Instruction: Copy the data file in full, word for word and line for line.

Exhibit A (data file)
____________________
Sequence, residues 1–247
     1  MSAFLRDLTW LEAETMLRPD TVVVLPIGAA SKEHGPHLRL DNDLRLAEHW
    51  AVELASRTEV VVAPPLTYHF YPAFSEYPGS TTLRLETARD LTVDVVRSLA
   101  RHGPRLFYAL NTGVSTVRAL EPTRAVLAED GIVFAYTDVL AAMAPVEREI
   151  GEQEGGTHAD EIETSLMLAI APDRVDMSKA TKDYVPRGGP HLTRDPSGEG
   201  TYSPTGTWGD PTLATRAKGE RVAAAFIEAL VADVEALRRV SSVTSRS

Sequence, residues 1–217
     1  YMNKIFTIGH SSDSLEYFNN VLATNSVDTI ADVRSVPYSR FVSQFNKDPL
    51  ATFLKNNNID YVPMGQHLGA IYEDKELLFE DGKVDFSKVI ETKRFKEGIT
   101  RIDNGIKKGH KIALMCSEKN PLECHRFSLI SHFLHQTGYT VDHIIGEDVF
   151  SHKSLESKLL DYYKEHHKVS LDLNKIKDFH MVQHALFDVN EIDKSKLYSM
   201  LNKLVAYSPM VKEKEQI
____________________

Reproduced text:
Sequence, residues 1–247
     1  MSAFLRDLTW LEAETMLRPD TVVVLPIGAA SKEHGPHLRL DNDLRLAEHW
    51  AVELASRTEV VVAPPLTYHF YPAFSEYPGS TTLRLETARD LTVDVVRSLA
   101  RHGPRLFYAL NTGVSTVRAL EPTRAVLAED GIVFAYTDVL AAMAPVEREI
   151  GEQEGGTHAD EIETSLMLAI APDRVDMSKA TKDYVPRGGP HLTRDPSGEG
   201  TYSPTGTWGD PTLATRAKGE RVAAAFIEAL VADVEALRRV SSVTSRS

Sequence, residues 1–217
     1  YMNKIFTIGH SSDSLEYFNN VLATNSVDTI ADVRSVPYSR FVSQFNKDPL
    51  ATFLKNNNID YVPMGQHLGA IYEDKELLFE DGKVDFSKVI ETKRFKEGIT
   101  RIDNGIKKGH KIALMCSEKN PLECHRFSLI SHFLHQTGYT VDHIIGEDVF
   151  SHKSLESKLL DYYKEHHKVS LDLNKIKDFH MVQHALFDVN EIDKSKLYSM
   201  LNKLVAYSPM VKEKEQI